Mixing Cocaine And MDMA: Side Effects And Risks

Medically Reviewed by Johnelle Smith, M.D. on October 11, 2021

Cocaine and MDMA are both powerful stimulants that are dangerous by themselves and even more so when used together. They enhance and prolong each other’s effects and the consequences can be fatal.

Dangers Of Mixing Cocaine And MDMA

Cocaine and MDMA are often used together because of the popularity they share amongst young people and especially people in club or party settings.

Both drugs are stimulants that increase energy and alertness while producing a sense of euphoria. MDMA has the additional effects of stimulating a person’s senses of empathy and emotional closeness.

Cocaine and MDMA can both have negative consequences when abused individually, and these risks are only amplified when they are taken together.

Find out more about the dangers of polysubstance abuse

Why Do People Mix Cocaine And MDMA?

Cocaine and MDMA are often found in the same settings, so using them together is often a matter of convenience.

They are also often used together because they tend to enhance or complement each other’s effects. Further, they also prolong each other’s effects and can reduce the need to take multiple doses of either.

What Happens When You Mix Cocaine And MDMA?

Unfortunately, because these drugs enhance each other’s effects, they also enhance their negative effects and potentially fatal side effects as well.

The side effects for either drug are unpleasant, and only become more so when someone is experiencing them simultaneously.

Even worse, the effects of each drug will be prolonged when abusing them together.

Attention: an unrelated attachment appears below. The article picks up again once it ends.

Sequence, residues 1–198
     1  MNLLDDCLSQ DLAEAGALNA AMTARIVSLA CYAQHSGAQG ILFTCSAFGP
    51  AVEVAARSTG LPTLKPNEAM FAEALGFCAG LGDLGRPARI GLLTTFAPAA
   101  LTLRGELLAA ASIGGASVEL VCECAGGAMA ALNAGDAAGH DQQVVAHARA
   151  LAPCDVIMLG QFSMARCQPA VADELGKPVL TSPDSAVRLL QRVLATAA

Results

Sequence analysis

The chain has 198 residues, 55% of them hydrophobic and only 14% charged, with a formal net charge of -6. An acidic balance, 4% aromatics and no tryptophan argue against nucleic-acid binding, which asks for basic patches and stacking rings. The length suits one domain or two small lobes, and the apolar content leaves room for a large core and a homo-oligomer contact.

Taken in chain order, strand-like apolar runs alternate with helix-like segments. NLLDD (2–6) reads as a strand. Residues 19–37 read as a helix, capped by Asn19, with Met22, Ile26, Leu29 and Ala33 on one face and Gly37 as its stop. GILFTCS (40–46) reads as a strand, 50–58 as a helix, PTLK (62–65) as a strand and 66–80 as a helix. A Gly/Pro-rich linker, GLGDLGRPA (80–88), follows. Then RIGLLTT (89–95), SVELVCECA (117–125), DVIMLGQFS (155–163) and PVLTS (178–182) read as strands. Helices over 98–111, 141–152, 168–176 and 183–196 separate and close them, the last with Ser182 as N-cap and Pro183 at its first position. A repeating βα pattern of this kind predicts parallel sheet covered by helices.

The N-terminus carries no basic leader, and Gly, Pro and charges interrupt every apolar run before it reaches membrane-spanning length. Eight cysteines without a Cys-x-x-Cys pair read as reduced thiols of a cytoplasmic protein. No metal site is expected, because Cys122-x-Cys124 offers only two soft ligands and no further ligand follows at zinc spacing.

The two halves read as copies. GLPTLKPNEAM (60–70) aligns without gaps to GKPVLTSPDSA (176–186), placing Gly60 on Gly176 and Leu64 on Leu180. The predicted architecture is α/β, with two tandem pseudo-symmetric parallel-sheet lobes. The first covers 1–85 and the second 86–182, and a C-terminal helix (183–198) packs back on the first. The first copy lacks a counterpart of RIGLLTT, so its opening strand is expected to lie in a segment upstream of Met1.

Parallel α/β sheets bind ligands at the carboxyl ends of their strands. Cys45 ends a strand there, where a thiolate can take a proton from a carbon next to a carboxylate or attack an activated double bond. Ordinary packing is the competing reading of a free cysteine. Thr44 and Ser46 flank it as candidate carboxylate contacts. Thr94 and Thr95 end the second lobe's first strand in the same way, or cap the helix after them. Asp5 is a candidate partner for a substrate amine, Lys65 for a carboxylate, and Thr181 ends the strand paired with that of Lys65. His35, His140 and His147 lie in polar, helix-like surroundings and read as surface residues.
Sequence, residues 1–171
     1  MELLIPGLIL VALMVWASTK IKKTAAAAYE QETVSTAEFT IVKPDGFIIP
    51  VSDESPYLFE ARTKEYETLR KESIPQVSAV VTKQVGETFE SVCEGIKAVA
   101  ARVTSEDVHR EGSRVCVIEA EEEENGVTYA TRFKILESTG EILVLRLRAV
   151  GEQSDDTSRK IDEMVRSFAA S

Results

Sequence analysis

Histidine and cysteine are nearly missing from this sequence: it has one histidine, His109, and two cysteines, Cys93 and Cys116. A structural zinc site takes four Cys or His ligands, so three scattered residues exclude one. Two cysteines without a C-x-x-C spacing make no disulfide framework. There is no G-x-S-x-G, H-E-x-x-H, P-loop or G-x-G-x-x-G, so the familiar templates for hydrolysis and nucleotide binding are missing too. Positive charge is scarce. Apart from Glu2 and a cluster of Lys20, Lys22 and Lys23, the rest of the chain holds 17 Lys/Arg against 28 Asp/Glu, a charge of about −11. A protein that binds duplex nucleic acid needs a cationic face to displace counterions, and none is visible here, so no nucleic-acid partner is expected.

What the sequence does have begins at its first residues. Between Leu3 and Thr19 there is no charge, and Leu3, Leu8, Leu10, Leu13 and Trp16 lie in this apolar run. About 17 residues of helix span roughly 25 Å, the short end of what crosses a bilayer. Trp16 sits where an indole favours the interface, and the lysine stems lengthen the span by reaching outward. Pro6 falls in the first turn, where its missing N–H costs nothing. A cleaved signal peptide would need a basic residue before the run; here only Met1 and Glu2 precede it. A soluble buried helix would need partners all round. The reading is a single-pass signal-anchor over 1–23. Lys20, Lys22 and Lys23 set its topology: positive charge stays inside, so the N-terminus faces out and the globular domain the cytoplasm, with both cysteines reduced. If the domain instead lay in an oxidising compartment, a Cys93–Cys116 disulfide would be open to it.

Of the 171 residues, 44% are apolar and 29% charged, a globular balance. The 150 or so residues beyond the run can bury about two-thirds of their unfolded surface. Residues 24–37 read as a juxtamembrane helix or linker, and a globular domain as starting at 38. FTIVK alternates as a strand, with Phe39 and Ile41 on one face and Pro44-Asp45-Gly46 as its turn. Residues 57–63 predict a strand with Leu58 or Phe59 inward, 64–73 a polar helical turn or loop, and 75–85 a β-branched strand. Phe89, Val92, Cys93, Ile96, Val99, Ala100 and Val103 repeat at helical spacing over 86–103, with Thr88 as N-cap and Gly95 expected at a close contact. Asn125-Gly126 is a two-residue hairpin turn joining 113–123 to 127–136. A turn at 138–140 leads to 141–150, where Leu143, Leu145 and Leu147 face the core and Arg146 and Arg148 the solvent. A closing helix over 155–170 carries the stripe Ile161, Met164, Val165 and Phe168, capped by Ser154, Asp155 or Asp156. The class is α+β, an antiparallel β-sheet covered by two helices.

The post-acute side effects of MDMA can last up to a week and will likely be much stronger having been mixed with cocaine.

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Side Effects Of Using Cocaine And MDMA Together

As stimulants, both cocaine and MDMA are well-known for increasing energy and socialization. Both drugs can also have some very unpleasant side effects.

Side effects of cocaine include:

  • nausea
  • diarrhea
  • insomnia
  • chest pain
  • anxiety
  • trouble breathing
  • bloody nose

Side effects of MDMA include:

  • dehydration
  • nausea
  • excessive sweating
  • chills
  • hot flashes
  • agitation
  • confusion and disorientation

Risks Of Mixing Cocaine And MDMA

The risks of mixing cocaine and MDMA are serious and can even be potentially fatal.

This can be especially true when these drugs are combined with high-energy activities like dancing that cause body temperature and heart rate to increase even more.

Immediate risks of mixing cocaine and MDMA include:

  • heart attack
  • stroke
  • hypothermia
  • seizures
  • coma
  • erratic behavior
  • dehydration
  • sudden death

While it is important to remember that cocaine and MDMA are dangerous every single time they are used — whether together or not — they also pose serious long-term health risks.

Using cocaine and MDMA together can wreak havoc on a person’s heart. Furthermore, not all of the consequences of long-term use are physical.

Long-term risks of mixing cocaine and MDMA include:

  • high heart rate
  • increased risk of stroke
  • increased risk of blood clots
  • high blood pressure
  • weakened blood flow
  • increased risk of heart arrhythmias
  • cognitive and psychiatric issues
  • social issues

Cocaine And MDMA Abuse Can Lead To Addiction

If someone is abusing cocaine and MDMA to the point where any of these issues are occurring, they are likely already suffering from a substance use disorder.

Cocaine can be very addictive and using it alongside MDMA or any other drug can become life-threatening.

Fortunately, many addiction centers are now well-equipped for treating polydrug use disorders.

Finding Treatment For Cocaine Addiction

If you or a loved one is currently struggling with cocaine addiction or polydrug abuse of any kind, please know that help is available.

Calls to our helpline are always completely free and confidential, whether you are simply looking for information on addiction or would like to find treatment.

Please do not hesitate — you deserve a healthier, drug-free life.

This page does not provide medical advice. See more

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Medically Reviewed by
Johnelle Smith, M.D. on October 11, 2021
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